Our government if we can call it that anymore is hopelessly divided and set against each other and none of the most prominent political “leaders” seem to have any morale center or courage of conviction.  They all seem to be Bonhoeffer cynics, misanthropes, or clever tacticians.

Religion is even used a trump card by the right with erstwhile “pastors” blessing the most ungodly adventures, preemptive war, use of weapons of mass destruction, while cozying up to and advocating for the most powerful financial interests.  Some of the more blatant of these “pastors” like C. Peter Wagner advocate a Christian theocracy based on the Seven Mountains theology by which Christians must take dominion over seven key spheres of society which are government, arts and entertainment, media, education, family, religion, and business with business being the most important.  If he was an isolated case it would not be worth commenting on but Wagner and his allies in the Dominionist movement are closely connected to a number of Republican Presidential candidates and one who will likely declare, Texas Governor Rick Perry.

We have witnessed it all and we have to say what we have seen is not working and in fact is an embodiment of evil and anarchy as each group positions itself to gain the most. We have exulted power, vice, avarice and greed as the highest ideals Bonhoeffer said:

“Unless we have the courage to fight for a revival of wholesome reserve between man and man, we shall perish in an anarchy of human values…. Socially it means the renunciation of all place-hunting, a break with the cult of the “star,” an open eye both upwards and downwards, especially in the choice of one’s more intimate friends, and pleasure in private life as well as courage to enter public life. Culturally it means a return from the newspaper and the radio to the book, from feverish activity to unhurried leisure, from dispersion to concentration, from sensationalism to reflection, from virtuosity to art, from snobbery to modesty, from extravagance to moderation.”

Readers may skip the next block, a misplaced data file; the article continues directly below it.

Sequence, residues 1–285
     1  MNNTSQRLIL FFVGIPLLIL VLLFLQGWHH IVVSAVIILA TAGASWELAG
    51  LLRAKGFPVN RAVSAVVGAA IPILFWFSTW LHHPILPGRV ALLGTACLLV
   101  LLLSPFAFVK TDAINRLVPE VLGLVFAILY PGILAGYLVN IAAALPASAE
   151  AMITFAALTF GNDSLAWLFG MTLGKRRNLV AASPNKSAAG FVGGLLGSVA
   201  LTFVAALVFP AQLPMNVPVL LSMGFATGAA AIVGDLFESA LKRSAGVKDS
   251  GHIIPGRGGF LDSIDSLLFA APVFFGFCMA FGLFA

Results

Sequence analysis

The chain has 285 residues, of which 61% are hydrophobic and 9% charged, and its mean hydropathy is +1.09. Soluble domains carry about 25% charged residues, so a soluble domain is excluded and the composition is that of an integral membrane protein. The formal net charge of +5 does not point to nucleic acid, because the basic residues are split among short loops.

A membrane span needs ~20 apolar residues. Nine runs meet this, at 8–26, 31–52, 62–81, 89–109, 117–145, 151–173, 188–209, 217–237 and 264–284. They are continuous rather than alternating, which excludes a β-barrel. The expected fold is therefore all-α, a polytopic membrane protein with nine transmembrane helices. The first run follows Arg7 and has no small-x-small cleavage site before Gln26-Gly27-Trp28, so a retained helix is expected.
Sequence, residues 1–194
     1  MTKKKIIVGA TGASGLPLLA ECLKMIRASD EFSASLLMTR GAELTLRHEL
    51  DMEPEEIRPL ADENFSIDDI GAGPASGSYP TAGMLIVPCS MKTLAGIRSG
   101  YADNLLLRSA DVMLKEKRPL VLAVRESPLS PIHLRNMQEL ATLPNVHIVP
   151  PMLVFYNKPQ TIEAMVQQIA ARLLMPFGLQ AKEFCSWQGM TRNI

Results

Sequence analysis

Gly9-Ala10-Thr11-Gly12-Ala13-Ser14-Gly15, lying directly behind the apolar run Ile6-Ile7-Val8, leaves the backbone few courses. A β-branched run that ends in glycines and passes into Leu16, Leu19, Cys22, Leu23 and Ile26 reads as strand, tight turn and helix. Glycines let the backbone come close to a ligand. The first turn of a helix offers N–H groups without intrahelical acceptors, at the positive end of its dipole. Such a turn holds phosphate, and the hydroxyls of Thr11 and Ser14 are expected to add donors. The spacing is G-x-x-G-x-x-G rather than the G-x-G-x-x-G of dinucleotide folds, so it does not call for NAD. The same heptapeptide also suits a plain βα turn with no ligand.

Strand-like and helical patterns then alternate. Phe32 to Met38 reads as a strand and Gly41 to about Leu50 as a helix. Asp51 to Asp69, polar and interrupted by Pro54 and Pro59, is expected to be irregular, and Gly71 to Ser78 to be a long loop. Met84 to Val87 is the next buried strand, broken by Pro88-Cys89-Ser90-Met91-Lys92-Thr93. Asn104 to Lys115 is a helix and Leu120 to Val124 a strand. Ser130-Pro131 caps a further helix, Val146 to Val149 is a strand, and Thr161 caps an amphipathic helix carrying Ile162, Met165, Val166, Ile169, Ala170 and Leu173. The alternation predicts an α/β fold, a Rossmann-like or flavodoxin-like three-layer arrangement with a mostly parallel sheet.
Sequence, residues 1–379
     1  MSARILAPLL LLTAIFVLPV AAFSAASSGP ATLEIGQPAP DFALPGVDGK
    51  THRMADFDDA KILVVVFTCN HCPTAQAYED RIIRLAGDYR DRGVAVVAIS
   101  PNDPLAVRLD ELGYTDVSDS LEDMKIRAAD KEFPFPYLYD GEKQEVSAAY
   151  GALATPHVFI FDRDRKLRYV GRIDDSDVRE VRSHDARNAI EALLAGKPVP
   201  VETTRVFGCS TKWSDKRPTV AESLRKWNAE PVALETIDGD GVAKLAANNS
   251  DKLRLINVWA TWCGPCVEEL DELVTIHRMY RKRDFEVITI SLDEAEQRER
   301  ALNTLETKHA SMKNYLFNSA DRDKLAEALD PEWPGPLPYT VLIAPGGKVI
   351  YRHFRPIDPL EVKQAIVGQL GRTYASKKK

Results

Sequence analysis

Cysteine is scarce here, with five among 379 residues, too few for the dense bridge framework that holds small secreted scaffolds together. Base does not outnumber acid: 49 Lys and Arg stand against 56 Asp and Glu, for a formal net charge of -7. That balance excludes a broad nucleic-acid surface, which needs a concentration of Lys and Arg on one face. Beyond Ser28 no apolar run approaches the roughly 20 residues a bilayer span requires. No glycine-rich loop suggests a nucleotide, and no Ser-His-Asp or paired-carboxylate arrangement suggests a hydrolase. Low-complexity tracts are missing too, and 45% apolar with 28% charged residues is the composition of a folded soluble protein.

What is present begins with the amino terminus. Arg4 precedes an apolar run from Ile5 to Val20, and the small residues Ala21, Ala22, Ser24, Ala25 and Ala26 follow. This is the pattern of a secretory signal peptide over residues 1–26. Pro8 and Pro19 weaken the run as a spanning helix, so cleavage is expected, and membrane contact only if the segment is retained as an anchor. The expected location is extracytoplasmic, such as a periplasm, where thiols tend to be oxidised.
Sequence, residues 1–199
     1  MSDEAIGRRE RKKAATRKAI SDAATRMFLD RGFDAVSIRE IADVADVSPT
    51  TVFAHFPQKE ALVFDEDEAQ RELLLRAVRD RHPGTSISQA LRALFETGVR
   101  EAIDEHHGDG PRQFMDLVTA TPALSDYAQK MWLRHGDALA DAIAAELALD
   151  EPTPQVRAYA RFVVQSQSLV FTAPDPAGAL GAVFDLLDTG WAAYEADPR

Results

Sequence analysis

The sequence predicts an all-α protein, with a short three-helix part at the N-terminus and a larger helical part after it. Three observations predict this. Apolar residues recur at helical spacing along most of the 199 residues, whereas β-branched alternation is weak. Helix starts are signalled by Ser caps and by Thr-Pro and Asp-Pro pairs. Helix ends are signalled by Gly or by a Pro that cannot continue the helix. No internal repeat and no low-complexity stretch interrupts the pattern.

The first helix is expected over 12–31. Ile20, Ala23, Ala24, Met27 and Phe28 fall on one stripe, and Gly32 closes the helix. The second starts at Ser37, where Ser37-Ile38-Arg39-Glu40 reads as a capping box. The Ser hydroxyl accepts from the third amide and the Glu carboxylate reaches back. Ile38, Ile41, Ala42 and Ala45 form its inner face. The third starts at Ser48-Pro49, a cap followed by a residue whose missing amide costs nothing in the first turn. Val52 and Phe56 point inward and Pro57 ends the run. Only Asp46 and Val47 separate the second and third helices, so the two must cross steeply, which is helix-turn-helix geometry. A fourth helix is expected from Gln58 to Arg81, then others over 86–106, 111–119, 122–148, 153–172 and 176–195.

Peace

Padre Steve+

2 Comments

Filed under christian life, faith, History, philosophy, Political Commentary, Religion

2 responses to “Silent Witnesses

  1. johncerickson

    I am concerned not only by the polarisation of the political parties, but of the polarisation of religion in relation to politics. While some branches of Christian religions are closely embracing highly conservative politicians, bringing the divide of church and state to the fore, others are detaching completely from the political process to completely avoid any sign of political entanglements. This has the unfortunate effect of (I’m having trouble finding the correct descriptions here) removing the cultural/religious moral guidance from the religious process. While I am not advocating a theocracy, I am also wary of politicians who follow the words of preachers instead of the actual concepts put forth in various religions. A case in point would be Governor Perry’s gathering this past weekend, flaunting his faith to his (admittedly small) stadium audience and through live feeds over the Internet, when Christianity, and many other religions as well, speak of humility in one’s faith. This continued blurring of the religious/governmental lines on the right, combined with withdrawal from overt faith on the left, threatens to leave us in a moral wasteland, either blindly following the path of faith foist upon us by others, or rejecting a decent moral background while attempting to deny any interaction between religion and government.
    Wow. I hope I got my point across – my usual ease of expression seems to have deserted me today! Too many things rattling around in the old brainpan! 🙂